Benefit overpayments and underpayments are at their highest levels since 2005-6, when the Department for Work and Pensions (the Department) introduced its current method for estimating these payments.1
Excluding State Pension, where the level of fraud and error is very low, the estimated level of overpayments has increased to 4.6% (£4.0 billion) of related benefit spending (£86.6 billion), from 4.4% (£3.7 billion) in 2017-18. Underpayments have increased to an estimated 2.2% (£1.9 billion) of benefit spending, from 2.0% (£1.7 billion) in 2017-18. The Department expects the value of overpayments to continue to rise over the next six years, mainly due to the roll-out of Universal Credit.
The Comptroller and Auditor General of the National Audit Office, Gareth Davies, has therefore qualified his opinion on the regularity of the Department for Work and Pensions’ 2018-19 financial statements. This is the 31st year that the Department’s accounts have received a qualified opinion.2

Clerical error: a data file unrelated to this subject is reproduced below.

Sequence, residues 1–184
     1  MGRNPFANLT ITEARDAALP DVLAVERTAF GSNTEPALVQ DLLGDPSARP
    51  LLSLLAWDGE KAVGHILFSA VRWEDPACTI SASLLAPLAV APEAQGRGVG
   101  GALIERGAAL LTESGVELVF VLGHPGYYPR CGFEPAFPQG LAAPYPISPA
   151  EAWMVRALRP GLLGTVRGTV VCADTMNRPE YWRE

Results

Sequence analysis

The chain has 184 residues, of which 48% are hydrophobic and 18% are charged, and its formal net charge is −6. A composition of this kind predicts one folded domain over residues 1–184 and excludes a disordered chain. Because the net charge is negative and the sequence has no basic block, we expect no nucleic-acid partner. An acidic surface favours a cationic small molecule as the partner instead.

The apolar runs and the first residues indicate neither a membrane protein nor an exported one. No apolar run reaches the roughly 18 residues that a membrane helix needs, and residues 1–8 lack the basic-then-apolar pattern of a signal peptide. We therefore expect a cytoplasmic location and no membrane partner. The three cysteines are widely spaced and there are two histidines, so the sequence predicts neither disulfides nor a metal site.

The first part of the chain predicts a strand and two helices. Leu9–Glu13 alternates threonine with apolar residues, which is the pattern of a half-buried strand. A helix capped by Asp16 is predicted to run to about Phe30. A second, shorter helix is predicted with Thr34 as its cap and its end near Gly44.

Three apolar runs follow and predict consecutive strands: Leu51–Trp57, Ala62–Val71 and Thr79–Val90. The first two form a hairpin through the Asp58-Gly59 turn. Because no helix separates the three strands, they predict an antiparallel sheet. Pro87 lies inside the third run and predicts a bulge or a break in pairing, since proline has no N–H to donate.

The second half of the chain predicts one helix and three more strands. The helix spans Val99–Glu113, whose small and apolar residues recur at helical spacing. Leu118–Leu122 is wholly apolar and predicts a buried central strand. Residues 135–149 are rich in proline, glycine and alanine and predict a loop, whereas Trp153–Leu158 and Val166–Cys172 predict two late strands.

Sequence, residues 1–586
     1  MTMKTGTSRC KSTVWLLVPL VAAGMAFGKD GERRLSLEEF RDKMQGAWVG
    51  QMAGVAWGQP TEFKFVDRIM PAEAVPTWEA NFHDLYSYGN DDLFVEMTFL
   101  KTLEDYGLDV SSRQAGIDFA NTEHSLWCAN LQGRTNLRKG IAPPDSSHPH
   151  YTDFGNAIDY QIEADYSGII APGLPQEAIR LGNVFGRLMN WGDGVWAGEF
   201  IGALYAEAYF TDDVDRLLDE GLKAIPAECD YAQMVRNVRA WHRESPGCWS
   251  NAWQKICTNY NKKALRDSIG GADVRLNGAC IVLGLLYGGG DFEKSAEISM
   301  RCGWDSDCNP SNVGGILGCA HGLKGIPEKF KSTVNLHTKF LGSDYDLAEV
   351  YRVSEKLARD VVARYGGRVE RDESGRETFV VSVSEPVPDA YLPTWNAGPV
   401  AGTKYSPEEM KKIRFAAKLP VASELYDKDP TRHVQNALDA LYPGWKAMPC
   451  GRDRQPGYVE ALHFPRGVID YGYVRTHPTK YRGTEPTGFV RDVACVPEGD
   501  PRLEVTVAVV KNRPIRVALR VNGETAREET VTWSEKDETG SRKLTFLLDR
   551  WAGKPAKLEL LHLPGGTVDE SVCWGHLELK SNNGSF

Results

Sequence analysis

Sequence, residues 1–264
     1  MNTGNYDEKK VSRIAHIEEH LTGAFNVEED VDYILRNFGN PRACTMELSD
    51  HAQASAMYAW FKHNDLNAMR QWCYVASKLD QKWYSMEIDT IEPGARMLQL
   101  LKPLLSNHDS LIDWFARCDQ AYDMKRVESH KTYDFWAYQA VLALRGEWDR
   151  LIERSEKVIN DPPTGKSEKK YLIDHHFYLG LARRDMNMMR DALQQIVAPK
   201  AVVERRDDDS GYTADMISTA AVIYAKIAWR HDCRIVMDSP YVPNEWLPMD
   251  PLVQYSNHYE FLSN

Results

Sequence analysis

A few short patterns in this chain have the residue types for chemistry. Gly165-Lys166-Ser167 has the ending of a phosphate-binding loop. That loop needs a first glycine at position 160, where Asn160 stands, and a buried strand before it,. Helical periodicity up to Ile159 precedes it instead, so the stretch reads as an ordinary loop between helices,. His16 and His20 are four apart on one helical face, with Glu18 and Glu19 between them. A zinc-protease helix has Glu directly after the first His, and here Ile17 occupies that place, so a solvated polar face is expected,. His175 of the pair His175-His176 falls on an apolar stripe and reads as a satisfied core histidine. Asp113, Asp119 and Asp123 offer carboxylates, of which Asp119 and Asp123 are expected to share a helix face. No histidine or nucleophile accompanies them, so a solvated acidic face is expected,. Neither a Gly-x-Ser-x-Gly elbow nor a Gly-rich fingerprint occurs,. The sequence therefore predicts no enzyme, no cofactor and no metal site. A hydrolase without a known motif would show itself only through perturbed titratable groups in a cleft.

Benefit payments are susceptible to both deliberate fraud and unintended error by claimants and the Department. When overpayments are recovered by the Department, this can lead to problems for claimants who face deductions from their income. Underpayments can mean households do not get the support they are entitled to.
The estimated overpayment rate for Universal Credit is 8.6%, which is the highest for any continuously measured benefit since Tax Credits in 2003-04. Claimants failing to declare their income and earnings correctly was the largest cause of overpayments across the Department’s benefits, including for Universal Credit where it accounts for 30% of overpayments.
Personal Independence Payment (PIP) has the highest level of underpayments, at 3.8% of expenditure. The primary cause of both overpayments and underpayments in PIP is claimants not reporting changes in functional need due to either deterioration or improvement in their medical condition.